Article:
Studies such as the new one are important, he says, “because they will help us understand exactly what people are inhaling.”
Such data also can point out ways to vape more safely, argues Destaillats. “In a way,” he says, “the message to people using e-cigarettes is: If you’re going to vape, try using the lowest voltage possible, for the lowest temperature.”
But in no circumstances should teens be vaping, he notes. Yet data show that plenty do. And access to these potentially dangerous products has been fairly simple. Although most U.S. states have made it illegal for teens to buy vaping goods, these supplies could still be ordered over the internet.
That could change soon. In May, the U.S. Food and Drug Administration said vaping products would be treated no differently than cigarettes and other tobacco products in terms of young people. It will violate federal law to sell or give vaping products to U.S. minors.
(for more about Power Words, click here)
acetaldehyde A colorless liquid that is in the cascade of breakdown products that develops when the body metabolizes alcohol. The colorless liquid also is used by manufacturers to make a range of products, including vinegar, perfume and flavorings. According to the U.S. National Toxicology Program, this chemical is also “reasonably anticipated to be a human carcinogen.”
acrolein A liquid that’s clear or yellowy and has an odor that can create a choking sensation. In high concentrations it’s a known poison. Manufacturers add it to plastics, medicines, pesticides, resins and more.
aldehyde A family of chemicals that can be formed by the oxidation of alcohols. These compounds, known as organic (because they contains carbon) contain a chemical group: CHO. Many members of this family, notably formaldehyde, are toxic.
cancer Any of more than 100 different diseases, each characterized by the rapid, uncontrolled growth of abnormal cells. The development and growth of cancers, also known as malignancies, can lead to tumors, pain and death.
chemical A substance formed from two or more atoms that unite (become bonded together) in a fixed proportion and structure. For example, water is a chemical made of two hydrogen atoms bonded to one oxygen atom. Its chemical symbol is H2O. Chemical can also be an adjective that describes properties of materials that are the result of various reactions between different compounds.
e-cigarette (short for electronic cigarette) Battery-powered device that disperse nicotine and other chemicals as tiny airborne particles that users can inhale. They were originally developed as a safer alternative to cigarettes that users could use as they tried to slowly break their addiction to the nicotine in tobacco products.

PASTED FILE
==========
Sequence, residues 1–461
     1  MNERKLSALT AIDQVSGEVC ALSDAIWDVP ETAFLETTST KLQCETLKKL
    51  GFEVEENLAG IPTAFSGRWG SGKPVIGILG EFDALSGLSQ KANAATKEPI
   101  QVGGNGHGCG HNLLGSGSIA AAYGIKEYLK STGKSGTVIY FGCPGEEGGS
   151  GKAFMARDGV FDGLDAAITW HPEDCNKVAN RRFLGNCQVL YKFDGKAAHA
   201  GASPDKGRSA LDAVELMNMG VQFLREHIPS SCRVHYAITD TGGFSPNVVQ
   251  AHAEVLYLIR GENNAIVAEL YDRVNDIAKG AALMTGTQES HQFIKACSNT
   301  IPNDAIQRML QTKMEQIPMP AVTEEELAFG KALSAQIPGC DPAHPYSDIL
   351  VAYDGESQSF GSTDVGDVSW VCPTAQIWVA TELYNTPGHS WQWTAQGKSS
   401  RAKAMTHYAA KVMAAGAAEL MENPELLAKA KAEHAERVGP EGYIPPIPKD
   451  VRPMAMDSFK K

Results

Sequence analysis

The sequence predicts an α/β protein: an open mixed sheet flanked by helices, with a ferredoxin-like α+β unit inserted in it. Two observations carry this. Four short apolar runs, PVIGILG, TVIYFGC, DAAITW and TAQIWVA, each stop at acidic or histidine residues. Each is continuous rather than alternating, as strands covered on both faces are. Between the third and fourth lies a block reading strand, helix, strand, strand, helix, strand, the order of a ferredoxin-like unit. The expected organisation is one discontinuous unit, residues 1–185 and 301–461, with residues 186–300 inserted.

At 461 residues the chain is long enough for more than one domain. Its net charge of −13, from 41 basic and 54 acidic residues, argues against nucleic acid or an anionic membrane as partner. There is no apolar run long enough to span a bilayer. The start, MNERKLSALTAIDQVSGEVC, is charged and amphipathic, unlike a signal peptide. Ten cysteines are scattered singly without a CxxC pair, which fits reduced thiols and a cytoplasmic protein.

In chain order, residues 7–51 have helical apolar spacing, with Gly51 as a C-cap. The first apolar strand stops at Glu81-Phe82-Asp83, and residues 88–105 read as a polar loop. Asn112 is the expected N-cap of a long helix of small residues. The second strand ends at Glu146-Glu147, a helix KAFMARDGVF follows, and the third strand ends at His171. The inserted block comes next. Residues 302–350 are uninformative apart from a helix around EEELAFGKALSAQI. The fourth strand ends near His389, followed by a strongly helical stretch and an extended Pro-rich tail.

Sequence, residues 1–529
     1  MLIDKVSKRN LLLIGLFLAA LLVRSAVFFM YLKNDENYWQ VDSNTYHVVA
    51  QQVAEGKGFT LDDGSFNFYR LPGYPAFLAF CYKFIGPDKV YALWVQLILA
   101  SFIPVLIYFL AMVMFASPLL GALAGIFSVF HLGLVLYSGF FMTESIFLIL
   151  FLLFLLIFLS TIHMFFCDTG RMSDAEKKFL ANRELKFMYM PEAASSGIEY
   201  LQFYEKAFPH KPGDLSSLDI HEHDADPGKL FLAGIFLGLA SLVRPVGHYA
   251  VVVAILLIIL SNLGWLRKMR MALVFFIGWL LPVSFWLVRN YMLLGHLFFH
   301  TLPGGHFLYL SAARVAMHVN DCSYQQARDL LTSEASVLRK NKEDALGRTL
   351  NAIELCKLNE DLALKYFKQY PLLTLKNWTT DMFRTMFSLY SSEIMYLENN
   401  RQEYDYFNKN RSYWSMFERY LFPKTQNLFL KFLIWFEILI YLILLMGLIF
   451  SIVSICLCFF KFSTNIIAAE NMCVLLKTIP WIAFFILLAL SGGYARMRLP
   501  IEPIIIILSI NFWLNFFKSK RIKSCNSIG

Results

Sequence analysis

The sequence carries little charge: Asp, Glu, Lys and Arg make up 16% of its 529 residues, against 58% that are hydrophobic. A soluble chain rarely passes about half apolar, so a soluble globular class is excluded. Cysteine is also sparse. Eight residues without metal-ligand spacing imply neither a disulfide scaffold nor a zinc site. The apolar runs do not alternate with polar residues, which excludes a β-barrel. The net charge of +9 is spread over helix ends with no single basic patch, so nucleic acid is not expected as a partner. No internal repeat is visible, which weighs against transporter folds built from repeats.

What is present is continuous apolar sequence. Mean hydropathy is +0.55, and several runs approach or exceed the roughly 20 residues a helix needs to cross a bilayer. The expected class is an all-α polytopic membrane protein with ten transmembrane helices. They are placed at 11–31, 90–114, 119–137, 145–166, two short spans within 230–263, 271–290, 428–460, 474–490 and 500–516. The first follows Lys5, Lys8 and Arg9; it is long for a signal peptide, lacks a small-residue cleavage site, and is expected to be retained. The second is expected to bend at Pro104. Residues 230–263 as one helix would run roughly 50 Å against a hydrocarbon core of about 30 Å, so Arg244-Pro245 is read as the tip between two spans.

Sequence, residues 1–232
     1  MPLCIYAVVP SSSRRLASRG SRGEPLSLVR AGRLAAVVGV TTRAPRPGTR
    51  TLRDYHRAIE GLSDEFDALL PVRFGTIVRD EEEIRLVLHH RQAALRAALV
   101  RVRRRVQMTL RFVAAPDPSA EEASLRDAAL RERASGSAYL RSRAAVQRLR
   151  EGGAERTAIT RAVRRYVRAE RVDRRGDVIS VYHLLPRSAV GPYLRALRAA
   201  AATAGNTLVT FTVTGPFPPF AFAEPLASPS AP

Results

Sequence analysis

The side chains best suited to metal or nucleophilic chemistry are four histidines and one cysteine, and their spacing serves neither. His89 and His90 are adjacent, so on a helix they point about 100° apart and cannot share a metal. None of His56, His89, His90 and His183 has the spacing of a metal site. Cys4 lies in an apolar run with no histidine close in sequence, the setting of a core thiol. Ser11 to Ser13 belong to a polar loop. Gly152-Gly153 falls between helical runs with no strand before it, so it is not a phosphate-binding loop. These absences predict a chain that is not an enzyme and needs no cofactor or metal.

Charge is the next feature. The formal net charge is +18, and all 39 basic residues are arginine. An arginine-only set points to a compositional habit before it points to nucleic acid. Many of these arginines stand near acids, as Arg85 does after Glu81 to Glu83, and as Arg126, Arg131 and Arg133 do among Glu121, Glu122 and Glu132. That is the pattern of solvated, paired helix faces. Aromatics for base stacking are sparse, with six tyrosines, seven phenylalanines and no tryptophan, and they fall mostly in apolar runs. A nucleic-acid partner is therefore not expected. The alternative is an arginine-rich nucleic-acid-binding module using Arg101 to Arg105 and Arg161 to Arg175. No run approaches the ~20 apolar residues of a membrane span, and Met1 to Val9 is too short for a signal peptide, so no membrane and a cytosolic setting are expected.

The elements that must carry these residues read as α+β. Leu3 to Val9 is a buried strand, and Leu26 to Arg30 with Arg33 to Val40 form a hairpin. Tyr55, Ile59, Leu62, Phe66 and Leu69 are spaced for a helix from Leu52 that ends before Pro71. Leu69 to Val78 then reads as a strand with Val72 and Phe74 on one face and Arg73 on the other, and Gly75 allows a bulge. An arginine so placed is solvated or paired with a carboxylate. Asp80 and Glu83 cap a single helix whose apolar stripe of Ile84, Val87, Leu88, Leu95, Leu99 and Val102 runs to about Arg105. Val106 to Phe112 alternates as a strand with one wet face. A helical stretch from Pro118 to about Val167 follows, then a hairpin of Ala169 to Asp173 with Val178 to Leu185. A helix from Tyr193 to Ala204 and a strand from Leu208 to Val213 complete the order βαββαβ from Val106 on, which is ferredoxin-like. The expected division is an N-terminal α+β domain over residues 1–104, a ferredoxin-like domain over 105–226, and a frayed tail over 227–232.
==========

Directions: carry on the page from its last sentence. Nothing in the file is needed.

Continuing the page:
e-liquid A term for the solutions heated to the evaporation point in an electronic cigarette. These solutions are the basis of the vapors that will be inhaled. The liquid typically contains a solvent into which flavorings and nicotine have been dissolved.
formaldehyde A widely used and toxic chemical that manufacturers add to plastics, resins, some fertilizers, dyes, medicines and embalming fluids. It’s even in the treatments used to keep fabrics from wrinkling.
minors Children and adolescents below an age that would make them legally adults.
nicotine A colorless, oily chemical produced in tobacco and certain other plants. It creates the ‘buzz’ effect associated with smoking. It also is highly addictive, making it hard for smokers to give us their use of cigarettes. The chemical is also a poison, sometimes used as a pesticide to kill insects and even some invasive snakes or frogs.
solvent A material (usually a liquid) used to dissolve some other material into a solution.
tobacco A plant cultivated for its leaves. Dried tobacco leaves are burned in cigars, cigarettes, and pipes. Tobacco leaves are also sometimes chewed. The main constituent of tobacco leaves is nicotine.
toxic Poisonous or able to harm or kill cells, tissues or whole organisms. The measure of risk posed by such a poison is its toxicity.
toxicology The branch of science that probes poisons and how they disrupt the health of people and other organisms. Scientists who work in this field are called toxicologists.
vaping (v. to vape) A slang term for the use of e-cigarettes because these devices emit vapor, not smoke. People who do this are referred to as vapers.
vaporize To convert from a liquid to a gas (or vapor) through the application of heat.
vapors Fumes released when a liquid transforms to a gas, usually as a result of heating.
voltage A force associated with an electric current that is measured in units known as volts. Power companies use high-voltage to move electric power over long distances.